Eating Dixon's chili sometimes as a kid gave him his power as a baseball player, former major leaguer Bob Dernier jokingly says.

One could note that Dernier, a Raytown South High School alum who lives in Kansas City, thrived more as a player being fleet afoot and hit just 23 home runs in his 10-year career in the 1980s with the Philadelphia Phillies and Chicago Cubs.

But at 62 he still enjoys eating at a childhood favorite diner, still appearing to maintain his playing-days weight of about 160 pounds, and on this particular summer day he's also taking a small to-go order of chili to his mother.

Patrons like Dernier, many of them longtime regulars, have kept filing into Dixon's “Famous” Chili for 100 years, and as the Independence restaurant nears its century celebration Aug. 10, General Manager Stephen Steffes said he's seen a new generation of younger patrons develop, and the restaurant's legacy doesn't appear to be waning anytime soon.

“This is kind of a destination spot,” said Steffes, a fourth-manager of the restaurant that from the beginning has a unique take on chili. “In the last five years I've stepped up advertising, but before that it was mostly word of mouth.”

“It's non-tomato-based chili,” Steffes said. “You build your own, the base is meat and beans, and it's meant to eat as you doctor it.”

Dernier said his parents and grandparents enjoyed driving to Dixon's in Independence, which is actually the restaurant's third location but the only one remaining.

“I remember being impressed as a kid that they had Harry Truman's picture on the wall,” he said, “that a president ate here.”

Dernier said Dixon's is the type of personal favorite restaurant that, in addition to having many regulars, you want to visit when you return home after a spell, or you're reminded of it by other places when out of town.

“Maybe it's not the best chili, but I know what it tastes like, and I've got to have it,” Dernier said. “For me, Dixon's has that taste of something, in this case it's chili, that I'll always identify with home.”

Steffes' great-great-uncle Vergne Dixon served his particular chili from a streetcart before he opened his chili parlor at 15th and Olive streets in Kansas City in 1919. Steffes prepares it the same way today – slow cook it, mildly spice with the patented secret chili powder Vergne invented, strain the grease and add back some of the juice as ordered. If often comes with beans, and onions, cheese, pickles can be added.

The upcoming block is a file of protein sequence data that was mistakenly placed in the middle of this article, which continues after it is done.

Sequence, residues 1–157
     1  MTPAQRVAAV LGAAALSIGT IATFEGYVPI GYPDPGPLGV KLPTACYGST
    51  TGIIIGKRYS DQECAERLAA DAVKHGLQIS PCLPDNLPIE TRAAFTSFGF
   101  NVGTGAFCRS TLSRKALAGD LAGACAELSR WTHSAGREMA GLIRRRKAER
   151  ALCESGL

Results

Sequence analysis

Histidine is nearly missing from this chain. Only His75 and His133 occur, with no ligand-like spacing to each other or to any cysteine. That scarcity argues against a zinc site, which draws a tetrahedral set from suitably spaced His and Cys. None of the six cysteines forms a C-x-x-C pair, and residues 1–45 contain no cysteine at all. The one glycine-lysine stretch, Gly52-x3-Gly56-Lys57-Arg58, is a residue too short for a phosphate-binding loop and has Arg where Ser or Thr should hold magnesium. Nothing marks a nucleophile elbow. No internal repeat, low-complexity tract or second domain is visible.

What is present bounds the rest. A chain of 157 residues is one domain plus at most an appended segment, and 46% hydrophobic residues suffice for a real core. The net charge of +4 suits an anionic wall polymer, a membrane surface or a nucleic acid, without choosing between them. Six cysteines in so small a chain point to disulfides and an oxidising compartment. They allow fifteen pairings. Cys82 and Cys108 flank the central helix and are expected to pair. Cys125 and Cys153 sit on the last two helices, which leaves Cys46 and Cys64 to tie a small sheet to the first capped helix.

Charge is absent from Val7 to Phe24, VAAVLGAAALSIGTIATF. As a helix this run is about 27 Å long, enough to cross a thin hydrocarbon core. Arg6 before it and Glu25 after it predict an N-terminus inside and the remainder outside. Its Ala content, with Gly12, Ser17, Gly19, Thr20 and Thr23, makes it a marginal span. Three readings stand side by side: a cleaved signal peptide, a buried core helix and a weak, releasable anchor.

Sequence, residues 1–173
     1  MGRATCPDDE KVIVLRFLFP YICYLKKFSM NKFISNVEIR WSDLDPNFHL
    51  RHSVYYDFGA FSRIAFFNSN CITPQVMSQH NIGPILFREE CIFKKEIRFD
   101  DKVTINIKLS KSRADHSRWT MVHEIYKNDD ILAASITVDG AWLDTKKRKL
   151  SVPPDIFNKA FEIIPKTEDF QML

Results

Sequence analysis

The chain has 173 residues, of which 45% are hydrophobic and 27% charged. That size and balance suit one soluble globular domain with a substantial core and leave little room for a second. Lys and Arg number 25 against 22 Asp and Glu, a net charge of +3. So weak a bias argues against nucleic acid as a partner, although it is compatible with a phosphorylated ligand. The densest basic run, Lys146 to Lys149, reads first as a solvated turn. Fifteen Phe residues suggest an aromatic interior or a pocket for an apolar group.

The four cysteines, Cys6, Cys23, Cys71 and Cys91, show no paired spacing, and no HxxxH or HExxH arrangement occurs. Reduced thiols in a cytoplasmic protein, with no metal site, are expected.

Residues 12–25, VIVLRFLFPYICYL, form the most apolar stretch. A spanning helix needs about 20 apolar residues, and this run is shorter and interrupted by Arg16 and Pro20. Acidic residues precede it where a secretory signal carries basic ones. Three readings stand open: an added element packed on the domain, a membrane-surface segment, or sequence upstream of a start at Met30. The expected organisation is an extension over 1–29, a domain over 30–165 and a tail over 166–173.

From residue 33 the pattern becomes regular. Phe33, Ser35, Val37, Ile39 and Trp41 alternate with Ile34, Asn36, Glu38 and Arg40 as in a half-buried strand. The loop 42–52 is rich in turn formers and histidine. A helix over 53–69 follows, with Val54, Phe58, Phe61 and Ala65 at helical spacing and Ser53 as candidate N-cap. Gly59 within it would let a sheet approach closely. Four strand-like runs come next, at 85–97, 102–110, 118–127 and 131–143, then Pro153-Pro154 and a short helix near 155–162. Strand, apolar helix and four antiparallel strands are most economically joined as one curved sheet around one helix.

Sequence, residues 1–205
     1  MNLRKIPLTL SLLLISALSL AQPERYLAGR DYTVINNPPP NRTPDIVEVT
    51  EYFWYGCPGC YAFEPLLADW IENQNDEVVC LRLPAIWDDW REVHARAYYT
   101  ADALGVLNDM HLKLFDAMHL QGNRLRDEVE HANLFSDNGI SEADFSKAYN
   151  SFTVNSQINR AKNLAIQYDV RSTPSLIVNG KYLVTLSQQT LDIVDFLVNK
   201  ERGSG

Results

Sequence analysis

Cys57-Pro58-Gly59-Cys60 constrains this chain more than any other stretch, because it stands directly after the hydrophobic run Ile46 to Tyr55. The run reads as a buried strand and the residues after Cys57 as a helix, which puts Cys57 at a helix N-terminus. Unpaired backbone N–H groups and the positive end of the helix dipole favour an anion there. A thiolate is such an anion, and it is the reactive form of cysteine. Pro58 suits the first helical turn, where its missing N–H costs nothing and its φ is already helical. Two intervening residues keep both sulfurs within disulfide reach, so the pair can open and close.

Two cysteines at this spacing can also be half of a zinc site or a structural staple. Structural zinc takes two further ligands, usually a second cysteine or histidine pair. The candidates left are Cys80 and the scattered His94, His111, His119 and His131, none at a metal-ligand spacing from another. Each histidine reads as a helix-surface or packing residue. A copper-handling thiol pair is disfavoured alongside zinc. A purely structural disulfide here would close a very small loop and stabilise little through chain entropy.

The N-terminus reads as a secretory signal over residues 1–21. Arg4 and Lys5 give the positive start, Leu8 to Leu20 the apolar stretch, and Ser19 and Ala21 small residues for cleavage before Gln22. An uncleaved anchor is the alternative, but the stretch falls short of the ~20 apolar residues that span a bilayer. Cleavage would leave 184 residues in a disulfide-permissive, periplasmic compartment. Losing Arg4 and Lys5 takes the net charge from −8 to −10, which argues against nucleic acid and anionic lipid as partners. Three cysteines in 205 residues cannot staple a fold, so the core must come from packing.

“Our chili's so different, I don't look at it as the same type of food (compared to other chilis),” Steffes said.

Dixon's added the “Famous” part after Truman made one of his many visits during his presidency in 1952, bringing along the Secret Service. Life magazine documented the occasion. The Independence location and one at 75th and Metcalf in Overland Park came in the 1960s, and Steffes said his family opened as many as 13 locations at one point, but then started to franchise out and cut back after they realized business hadn't so much multiplied as stretched out. A Lee's Summit location, which Steffes managed, ran for seven years earlier in the 2000s, and Steffes has now managed the Independence location, which his mother owns, for six years.

The original menu included just chili and burgers, he said, hot dogs came later, and tacos and burritos found a place on the menu in the 1970s. The recipes haven't changed, though.

Steffes recalls one recent patron who said he'd been eating at Dixon's for 50 years and it hasn't changed.

“That's one of the biggest compliments you can get,” he said.

Steffes said he receives an order of 1,000 pounds of beef every week. Sometimes he prepares a little less, sometimes more, but the order is consistent. He also gets 200 pounds of onions – about 30 onions a day get sliced, depending on their size – and 10,000 taco shells weekly

All-you-can-eat tacos used to be just two days a week, but those days grew so “insane” they decided to make the offer daily, and Steffes said they haven't regretted that move.

The Royals' title seasons a few years ago gave a welcome boost that hasn't slumped nearly as much as the baseball team, Steffes said. Outside of hosting a local sports radio broadcast, he doesn't know what exactly the restaurant will do for its 100-year celebration, but there will surely be something customers can appreciate.

Says Dernier, “Any place that's been around 100 years, I mean, come on, what more can you say.”

Perhaps “Yes, onions and cheese with that.”